Looking to amp up the difficulty—and gains—from every exercise you do? Grab some sliders.
"One of the most important aspects to strength and function centers around complex and compound movements, like squats and lunges," says Holly Perkins, CSCS, author of Lift To Get Lean. Sliders are incredible because they provide instability to these movements, forcing your lesser-used stabilizer muscles to work alongside your prime movers. "It’s as though you're able to super-charge any basic move by requiring 100% of the muscles in charge of a specific movement pattern," Perkins adds.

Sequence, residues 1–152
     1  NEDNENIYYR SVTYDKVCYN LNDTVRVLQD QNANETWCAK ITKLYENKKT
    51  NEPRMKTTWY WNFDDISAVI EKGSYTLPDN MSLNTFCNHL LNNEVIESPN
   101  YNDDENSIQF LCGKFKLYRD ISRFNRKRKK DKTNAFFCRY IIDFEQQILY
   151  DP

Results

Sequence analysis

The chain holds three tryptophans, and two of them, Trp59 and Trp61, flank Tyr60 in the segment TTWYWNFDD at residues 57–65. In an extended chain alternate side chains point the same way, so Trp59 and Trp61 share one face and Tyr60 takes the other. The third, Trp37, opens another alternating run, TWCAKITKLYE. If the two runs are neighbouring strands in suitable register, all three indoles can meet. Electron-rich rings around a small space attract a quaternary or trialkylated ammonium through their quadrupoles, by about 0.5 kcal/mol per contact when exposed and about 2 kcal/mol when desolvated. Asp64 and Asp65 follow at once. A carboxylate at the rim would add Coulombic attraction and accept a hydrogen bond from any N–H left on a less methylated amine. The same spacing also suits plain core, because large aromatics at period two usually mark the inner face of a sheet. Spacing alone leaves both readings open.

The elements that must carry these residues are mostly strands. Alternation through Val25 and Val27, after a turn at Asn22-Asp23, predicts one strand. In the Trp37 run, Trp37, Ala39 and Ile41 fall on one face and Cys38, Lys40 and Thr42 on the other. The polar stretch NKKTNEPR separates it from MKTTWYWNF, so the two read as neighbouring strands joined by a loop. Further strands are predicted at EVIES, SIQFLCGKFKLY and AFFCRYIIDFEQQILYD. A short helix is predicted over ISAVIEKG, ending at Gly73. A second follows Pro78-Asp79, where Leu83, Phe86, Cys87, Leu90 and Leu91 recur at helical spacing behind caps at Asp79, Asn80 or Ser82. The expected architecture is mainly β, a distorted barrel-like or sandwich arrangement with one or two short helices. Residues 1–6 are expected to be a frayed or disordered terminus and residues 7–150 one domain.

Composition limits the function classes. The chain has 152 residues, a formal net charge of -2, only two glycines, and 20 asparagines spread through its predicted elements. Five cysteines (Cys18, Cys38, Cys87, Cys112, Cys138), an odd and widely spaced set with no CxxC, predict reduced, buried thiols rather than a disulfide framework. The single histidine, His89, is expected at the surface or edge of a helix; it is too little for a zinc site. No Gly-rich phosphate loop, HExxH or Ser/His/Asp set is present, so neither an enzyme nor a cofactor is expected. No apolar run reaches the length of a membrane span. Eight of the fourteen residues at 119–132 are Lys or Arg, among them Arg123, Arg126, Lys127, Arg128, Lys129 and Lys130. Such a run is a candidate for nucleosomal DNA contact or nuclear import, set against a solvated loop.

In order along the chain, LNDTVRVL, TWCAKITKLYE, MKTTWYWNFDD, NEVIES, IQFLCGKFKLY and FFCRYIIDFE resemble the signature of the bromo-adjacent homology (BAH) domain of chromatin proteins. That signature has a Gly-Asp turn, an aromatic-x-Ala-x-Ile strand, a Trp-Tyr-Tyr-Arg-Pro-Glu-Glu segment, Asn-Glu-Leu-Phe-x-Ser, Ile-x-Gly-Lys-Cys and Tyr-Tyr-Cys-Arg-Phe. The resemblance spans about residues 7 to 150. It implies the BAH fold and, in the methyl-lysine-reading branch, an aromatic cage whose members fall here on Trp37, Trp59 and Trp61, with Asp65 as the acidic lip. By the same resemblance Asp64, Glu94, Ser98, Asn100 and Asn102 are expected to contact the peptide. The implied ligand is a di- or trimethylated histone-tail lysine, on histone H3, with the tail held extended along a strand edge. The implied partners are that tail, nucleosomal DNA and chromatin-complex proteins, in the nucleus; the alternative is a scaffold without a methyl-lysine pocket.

Ready to challenge your body in ways you haven't moved before?
Select 10 moves from the following list and perform them back to back with no rest in between for the reps noted. After you've completed one full circuit of all 10 moves, rest for 1 minute and repeat for a total of 3-5 full rounds.
How to do it: Place your hands on the floor directly under your shoulders. Put your weight into the balls of your feet and rest them on top of the sliders. Extend your legs out until you're in the top phase of a pushup. Draw your knees into your chest, dragging the sliders across the floor, then push your feet back out to the start.
Expert tip: Focus on the contraction of your abs, Perkins says. You want your abdominals to control the push-pull movement, not your hips.